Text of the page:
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Q-talk *ON TOPIC ONLY* QUALITY ON TOPIC discussion of Backyard BBQ, grilling, equipment and outdoor cookin' . ** Other cooking techniques are welcomed for when your cookin' in the kitchen. Post your hints, tips, tricks & techniques, success, failures, but stay on topic and watch for that hijacking.


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Old 11-27-2011, 11:52 AM   #1
Rubmybutt
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Default Great BBQ is it the machine or the mind

I was just doin a little thinkin about the time I've been here and how much you've all taught me. I've moved up in BBQ equipment quality, I think, and I just had to ask this question.

Is a person with much knowledge able to cook on almost nothing and end up with award winning eats or if your equipped with really good cookers can a person of minimal background pull ahead of the pack?

How does the Brethren feel about this? And now back to the news!
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Old 11-27-2011, 11:56 AM   #2
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As with so many other things,i do not think it is the equipment. It is the person tending it. jmo.
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Old 11-27-2011, 11:56 AM   #3
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A good cook can turn out good eats using any equipment and or supplies on hand.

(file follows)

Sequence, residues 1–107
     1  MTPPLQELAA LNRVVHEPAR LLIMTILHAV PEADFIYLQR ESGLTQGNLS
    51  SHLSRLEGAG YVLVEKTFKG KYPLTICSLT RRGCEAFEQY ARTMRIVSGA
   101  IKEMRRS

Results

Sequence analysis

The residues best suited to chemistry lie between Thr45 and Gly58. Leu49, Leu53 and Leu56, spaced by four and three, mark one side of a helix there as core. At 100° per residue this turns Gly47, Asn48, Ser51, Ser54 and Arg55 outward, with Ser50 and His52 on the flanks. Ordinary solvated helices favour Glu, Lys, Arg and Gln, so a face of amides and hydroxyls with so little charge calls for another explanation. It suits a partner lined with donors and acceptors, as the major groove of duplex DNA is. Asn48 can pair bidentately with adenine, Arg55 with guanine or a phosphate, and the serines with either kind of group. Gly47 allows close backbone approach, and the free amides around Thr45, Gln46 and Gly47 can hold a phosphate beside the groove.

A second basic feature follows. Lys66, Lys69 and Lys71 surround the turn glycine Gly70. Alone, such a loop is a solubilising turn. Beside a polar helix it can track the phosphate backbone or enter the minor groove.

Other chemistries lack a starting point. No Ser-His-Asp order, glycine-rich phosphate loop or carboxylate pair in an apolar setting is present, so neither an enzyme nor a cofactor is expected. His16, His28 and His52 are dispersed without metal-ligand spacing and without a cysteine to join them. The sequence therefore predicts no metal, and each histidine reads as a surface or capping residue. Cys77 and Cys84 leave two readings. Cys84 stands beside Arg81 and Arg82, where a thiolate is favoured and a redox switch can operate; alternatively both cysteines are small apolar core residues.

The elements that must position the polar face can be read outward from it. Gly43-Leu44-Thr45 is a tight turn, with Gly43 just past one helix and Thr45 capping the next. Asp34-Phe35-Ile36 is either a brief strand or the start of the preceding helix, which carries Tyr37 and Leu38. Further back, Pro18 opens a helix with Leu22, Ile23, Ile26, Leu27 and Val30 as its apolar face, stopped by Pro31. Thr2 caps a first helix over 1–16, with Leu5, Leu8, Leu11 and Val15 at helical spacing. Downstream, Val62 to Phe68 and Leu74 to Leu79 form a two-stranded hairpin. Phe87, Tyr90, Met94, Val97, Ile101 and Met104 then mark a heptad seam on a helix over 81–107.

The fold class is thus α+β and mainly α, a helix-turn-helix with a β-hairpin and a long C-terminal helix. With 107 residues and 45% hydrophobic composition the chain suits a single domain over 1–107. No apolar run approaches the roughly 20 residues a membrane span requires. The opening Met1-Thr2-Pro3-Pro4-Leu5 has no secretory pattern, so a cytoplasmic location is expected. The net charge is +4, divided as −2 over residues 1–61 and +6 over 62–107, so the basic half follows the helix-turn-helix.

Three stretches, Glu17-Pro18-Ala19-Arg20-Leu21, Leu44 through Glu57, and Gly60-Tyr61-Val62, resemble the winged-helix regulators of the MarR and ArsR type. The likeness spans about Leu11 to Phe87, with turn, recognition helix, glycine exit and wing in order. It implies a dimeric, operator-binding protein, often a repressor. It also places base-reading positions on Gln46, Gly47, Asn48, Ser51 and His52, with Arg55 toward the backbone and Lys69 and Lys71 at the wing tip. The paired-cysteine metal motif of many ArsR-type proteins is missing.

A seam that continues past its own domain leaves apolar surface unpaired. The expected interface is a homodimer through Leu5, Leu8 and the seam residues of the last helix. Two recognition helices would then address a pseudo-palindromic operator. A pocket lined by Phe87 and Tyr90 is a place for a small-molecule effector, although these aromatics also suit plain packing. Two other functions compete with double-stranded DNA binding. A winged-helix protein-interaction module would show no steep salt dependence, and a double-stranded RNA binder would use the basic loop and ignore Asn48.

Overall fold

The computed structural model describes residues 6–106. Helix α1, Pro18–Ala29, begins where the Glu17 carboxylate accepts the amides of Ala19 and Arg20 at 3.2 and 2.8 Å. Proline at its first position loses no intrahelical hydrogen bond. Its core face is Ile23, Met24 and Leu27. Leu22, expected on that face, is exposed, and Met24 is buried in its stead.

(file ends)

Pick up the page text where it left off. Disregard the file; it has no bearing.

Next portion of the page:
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Old 11-27-2011, 12:09 PM   #4
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I can hammer in nails with a rock, use a butter knife to turn screws - but nothing beats having the right tools. The right equipment makes it more enjoyable for the chef and allows the chef to display his talents better. But all you need is a pile of sticks in the back yard, light most of them - put the food on the others and cook away.
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Old 11-27-2011, 12:16 PM   #5
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As a wise man once said, "A good craftsman never blames his tools"

With that said, I do have to echo SmokeOCD in the fact that better tools do make it easier.
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Old 11-27-2011, 12:25 PM   #6
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Great Thread. I've been wondering the same things.

All things equal, the mind wins out.

But the right toys DEFINITELY make a huge difference.
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Old 11-27-2011, 12:30 PM   #7
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There's a saying... "Its the cook, not the cooker"

Altho as a mechanic in my days... its nice to have the right tool for the right job.
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Old 11-27-2011, 12:31 PM   #8
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Like it's been said a million times "It ain't the cooker it's the cook". Real bbq back in the day was cooked in the ground so take it from there. This is where the word pit came from. Check out the book Smokestack Lightning.
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Old 11-27-2011, 12:45 PM   #9
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I can and have cooked under abysmal conditions and turned out great food, I can and have cooked in glorious conditions and turned out great food, I have also screwed up my share under the same conditions. The tools are great, but, if you don't know how to build a house, the best hammer and saw in the world will not tell you how.

At the end of the day, the best cook is the one who knows how to pair flavors, control and manage both heat and time, organize his operation and make the food look good. He understands that we eat with all five senses and knows how to trigger them all.